I am beyond thrilled to be back in the Homeland, no doubt. But there were some pretty sweet perks of living overseas. We had a great year in Bahrain for a lot of reasons. One day soon, I’ll attempt to put some of that into words. But for now, here are a few things that I’m already missing about our life in Bahrain.
1. Cheap ethnic food. Each weekend, we’d trek it out to our favorite Indian place, located in a particularly non-American (but safe, don’t worry Marmy!) part of town. I’m missing it. We walked out of Khazana not having spent $5 for our family on GOOD food. The waiters loved Campbell, and they were kind to us. Quality food, solid service, minimal cost. Thankfully, we have some old favorite spots in NOVA, but our Bahraini haunts will always be close to my heart. I became very attached to our weekend routine that always involved these places.
2. Small town living. In Bahrain, especially within the military community, everyone was connected to everyone. I was buddies with my hair dresser. The hubs played soccer with the husband of our kind day care director (got that?), so we hung out weekly. Our babysitter’s mother sewed us some pillows, and their family became sweet friends of mine. My colleague, who recruited and helped get me hired, became one of my closest friends. Community was close and all around. We never wanted for a social outlet–our weekends were booked, but not in an overwhelming way. DC has always felt more anonymous and less personal for us. If we have multiple “things” per weekend, they’re with different groups of people who are all disconnected. Somehow, that feels more exhausting.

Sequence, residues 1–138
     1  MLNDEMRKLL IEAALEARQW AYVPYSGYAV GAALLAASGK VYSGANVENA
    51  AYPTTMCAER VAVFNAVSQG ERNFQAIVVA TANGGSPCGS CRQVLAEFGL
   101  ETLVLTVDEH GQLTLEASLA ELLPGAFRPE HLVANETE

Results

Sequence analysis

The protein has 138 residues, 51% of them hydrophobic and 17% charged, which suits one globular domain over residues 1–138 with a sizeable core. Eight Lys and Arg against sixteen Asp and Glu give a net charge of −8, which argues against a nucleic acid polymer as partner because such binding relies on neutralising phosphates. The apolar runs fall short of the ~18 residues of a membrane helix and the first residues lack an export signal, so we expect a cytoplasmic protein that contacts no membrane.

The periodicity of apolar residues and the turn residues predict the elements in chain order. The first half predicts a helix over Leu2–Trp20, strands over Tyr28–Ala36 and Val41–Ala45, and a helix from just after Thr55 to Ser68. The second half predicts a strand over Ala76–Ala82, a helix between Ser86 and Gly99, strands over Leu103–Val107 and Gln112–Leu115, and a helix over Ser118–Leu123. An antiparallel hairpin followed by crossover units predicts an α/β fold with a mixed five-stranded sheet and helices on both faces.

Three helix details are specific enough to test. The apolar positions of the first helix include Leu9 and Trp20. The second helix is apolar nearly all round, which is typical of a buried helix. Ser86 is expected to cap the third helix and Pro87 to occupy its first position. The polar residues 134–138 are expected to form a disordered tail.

3. Space. We have downsized by a couple thousand feet. So there’s that. We are a wee bit stressed about where our furniture is going to fit in our 900 square foot row house. Currently, I’m in denial and avoiding thinking about it. (Our temporary furniture currently consists of one recliner, one table, and a bed, which feels sparse. Our shipment of furniture should be here in a few weeks, and that will be interesting.)
4. Sunlight. I woke up (most days) at 5:30 to run in Bahrain, and it was always a beautiful and peaceful time . The sun started to peak out at 4:30 am, so I always caught a lovely sunrise without feeling like I was running in the dark. Since being home, I’ve been shocked that it has stayed dark until 7 am! So my attempts at an early morning jog have been foiled by uncooperative sun/light patterns.
And so, we are missing many aspects of life in Bahrain. Mostly for me, though, I miss the relationships. The friends I developed there were unique, fun, and really special. This includes the kind staff at Campbell’s day care, who treated all of us more like friends and family than students/parents. We bonded quickly with these friends due to living abroad and sharing the craziness of that experience. The families we came to know will always be so dear to my heart.